National Officers Preparing to Lead
We had 15 fine young students here from July 22 to July 30. As is often the case, they were a highly motivated group of achievers with lots of volunteer activity. Many of them credit SkillsUSA and career and technical education for changing their lives. (One officer wrote in his biographical summary that he was “acting out” more and more in school until he walked through the doors of the career center “and decided I’d better turn my life around.”) Many of them are AP students, honor society members and have leadership positions in other school organizations. They’re studying computer animation, criminal justice, automotive service, healthcare, pre-engineering and welding among others. And the work experience is varied too as it logically would be with 10 high school students and five college/postsecondary students. But, most of them have been working at something whether it’s delivering pizzas, babysitting and doing lawn care or working in an assisted living facility, welding and being a machine operator.
While they were here, they learned about facilitating, parliamentary procedure, branding, etiquette, ceremonies and public speaking. This is where they crafted their standard speech for the year. They also attended an outdoor team-building activity we call the “ropes course” and went on a tour of Washington, D.C.
The Big Conference Move
Everyone marvels at the Championships. I believe the most common response I hear from newcomers is “I didn’t know it was this big. You’ve got to be here to see it to believe it.” Well, after 21 years in Kansas City, this year we had to pack up that great big show, send it to Louisville and pack it away until next June. No one got to see it happen but Dave Worden and Jim Kregiel have been working for well over a year to move the Championships inventory to a new warehouse at a price SkillsUSA could afford. It’s done. The last trailer unloaded on July 6. I just thought I’d share some of the figures and highlight some of the support that made it possible:
- We moved 21 semi-trailers and one flatbed trailer of materials totaling just about 770,000 lbs. of material.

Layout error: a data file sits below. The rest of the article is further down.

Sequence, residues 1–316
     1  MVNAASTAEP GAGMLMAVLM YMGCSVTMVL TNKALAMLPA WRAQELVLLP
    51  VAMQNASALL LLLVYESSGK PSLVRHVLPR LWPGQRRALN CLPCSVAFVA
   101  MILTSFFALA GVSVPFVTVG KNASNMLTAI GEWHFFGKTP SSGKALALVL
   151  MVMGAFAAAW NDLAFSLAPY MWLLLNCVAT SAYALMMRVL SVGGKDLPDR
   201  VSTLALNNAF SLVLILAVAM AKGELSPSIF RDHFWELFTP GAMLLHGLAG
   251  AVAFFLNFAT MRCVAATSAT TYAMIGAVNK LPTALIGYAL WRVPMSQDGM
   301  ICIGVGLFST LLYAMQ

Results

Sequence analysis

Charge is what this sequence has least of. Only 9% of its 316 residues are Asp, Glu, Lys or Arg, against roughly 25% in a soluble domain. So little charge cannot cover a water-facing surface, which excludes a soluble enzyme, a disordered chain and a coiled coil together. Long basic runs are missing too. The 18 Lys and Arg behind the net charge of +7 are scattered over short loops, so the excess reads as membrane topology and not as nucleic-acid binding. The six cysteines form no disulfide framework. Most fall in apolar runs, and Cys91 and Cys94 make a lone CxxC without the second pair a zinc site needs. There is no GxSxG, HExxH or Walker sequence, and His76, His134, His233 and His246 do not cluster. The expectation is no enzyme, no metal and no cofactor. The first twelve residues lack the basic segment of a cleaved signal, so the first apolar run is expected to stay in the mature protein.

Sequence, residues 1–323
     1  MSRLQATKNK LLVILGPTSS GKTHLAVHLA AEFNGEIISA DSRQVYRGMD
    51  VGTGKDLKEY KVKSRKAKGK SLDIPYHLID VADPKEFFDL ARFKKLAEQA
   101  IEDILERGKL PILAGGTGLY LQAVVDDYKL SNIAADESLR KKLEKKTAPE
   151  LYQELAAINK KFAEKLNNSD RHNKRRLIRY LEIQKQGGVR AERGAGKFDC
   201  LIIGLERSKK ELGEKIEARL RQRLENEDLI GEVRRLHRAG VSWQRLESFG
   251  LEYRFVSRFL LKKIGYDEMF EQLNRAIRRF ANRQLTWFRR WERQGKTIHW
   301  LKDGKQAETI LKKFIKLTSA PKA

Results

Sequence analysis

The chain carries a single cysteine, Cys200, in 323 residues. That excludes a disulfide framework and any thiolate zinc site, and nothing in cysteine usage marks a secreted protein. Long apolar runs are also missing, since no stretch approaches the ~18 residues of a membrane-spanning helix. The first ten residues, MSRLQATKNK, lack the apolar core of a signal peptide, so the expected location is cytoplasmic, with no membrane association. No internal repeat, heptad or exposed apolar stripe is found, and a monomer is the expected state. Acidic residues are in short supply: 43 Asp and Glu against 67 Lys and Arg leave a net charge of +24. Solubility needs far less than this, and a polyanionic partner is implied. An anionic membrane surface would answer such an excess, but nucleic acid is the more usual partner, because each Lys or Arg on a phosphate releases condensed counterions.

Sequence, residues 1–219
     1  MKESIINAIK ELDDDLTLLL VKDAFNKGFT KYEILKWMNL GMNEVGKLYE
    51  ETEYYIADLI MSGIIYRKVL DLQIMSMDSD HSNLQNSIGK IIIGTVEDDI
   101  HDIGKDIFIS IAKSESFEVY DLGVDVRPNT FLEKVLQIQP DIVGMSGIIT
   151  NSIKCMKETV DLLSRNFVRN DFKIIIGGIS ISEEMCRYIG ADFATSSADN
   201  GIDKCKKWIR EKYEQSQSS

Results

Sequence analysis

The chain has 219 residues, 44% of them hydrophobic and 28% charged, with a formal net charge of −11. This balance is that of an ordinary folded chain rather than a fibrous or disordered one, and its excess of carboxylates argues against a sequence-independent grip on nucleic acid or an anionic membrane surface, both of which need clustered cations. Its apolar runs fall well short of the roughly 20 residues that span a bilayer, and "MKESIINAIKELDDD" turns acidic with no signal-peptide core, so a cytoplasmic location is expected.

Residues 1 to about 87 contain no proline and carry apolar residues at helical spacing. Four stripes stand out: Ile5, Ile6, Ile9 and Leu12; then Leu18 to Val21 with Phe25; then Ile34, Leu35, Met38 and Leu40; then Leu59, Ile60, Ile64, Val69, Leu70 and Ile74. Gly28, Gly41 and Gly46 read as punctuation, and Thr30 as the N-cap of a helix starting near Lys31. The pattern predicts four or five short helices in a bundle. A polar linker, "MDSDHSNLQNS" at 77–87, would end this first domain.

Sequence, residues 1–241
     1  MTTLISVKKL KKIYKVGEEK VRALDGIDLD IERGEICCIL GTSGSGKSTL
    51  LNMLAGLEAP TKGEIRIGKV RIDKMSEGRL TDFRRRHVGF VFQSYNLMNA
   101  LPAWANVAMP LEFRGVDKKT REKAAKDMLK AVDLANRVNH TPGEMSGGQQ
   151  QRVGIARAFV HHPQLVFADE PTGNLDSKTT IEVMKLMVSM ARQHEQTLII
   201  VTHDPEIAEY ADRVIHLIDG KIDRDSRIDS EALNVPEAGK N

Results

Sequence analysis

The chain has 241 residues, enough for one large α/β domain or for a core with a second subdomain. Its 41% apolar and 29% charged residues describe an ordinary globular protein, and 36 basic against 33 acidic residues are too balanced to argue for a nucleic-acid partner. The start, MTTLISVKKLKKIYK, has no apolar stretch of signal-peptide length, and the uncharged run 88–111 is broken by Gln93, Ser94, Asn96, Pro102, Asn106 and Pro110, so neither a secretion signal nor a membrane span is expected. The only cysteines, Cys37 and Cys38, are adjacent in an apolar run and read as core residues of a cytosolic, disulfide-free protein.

- We used 3,100 gallons of fuel in the move because the trucks were making round trips. There were four round trips total in convoys ranging from three to nine trucks.
- A total of 24,610 miles were driven during the move. That’s slightly over eight trips across the continental United States.
- The Teamsters locals in both Kansas City and Louisville were instrumental. We had 18 drivers from Kansas City and Louisville in addition to tractors and trailers. We also had tractors and trailers from Indianapolis and Minnesota Teamsters.
- YRC (Yellow Roadway Corporation) provided two load drivers and a tractor and trailer
- Idealease loaned us two tractors and 17 trailers.
- We’ve used approximately three-quarters of the warehouse space. Added to the inventory are 18 new table saws for cabinetmaking and 65 new electric ranges.
- Jim estimates the total savings made on the move was $159,000. Volunteer time from the Teamsters would be valued at $34,000 and the loaned equipment would have cost SkillsUSA $125,000.
- And, the Habitat for Humanity ReStore was bowled over by the materials donated in Kansas City from PVC pipe and plywood to bricks and the retired stoves. According to the Kansas City Star, ReStore contracted with drivers for two semi-trucks with flatbed trailers to haul things away. We don’t know how many trips they made.
A big thank you and congratulations to Dave and Jim and all the partners who helped us move the big show to a new place.
- News releases on medalists and on Skill Point Certificate recipients were emailed to daily newspapers, weeklies and to Chambers of Commerce before July 4. In all, 4,198 releases were sent on the medalists and 8,910 on the Skill Point recipients. We’re now in the process of sending the releases and information to Members of Congress and the governors.
- I took a look at national conference participation in a great report Judy Garrison creates every year. While we didn’t have the large increases in female participation in attending the conference (34 percent) and as contestants (32 percent) as we did last year, we did see the trend continue. This year there were 4 percent more female contestants and 8 percent more female participants than last year. Females were 39 percent of our conference participants and they were 37 percent our total membership last year. I was also pleased to see 1,585 of our chapters (schools) were represented at the conference. That’s an increase over last year and 43 percent of all our member schools.
That’s it for now. Until next time, thank you for all you do for the great students and teachers we serve.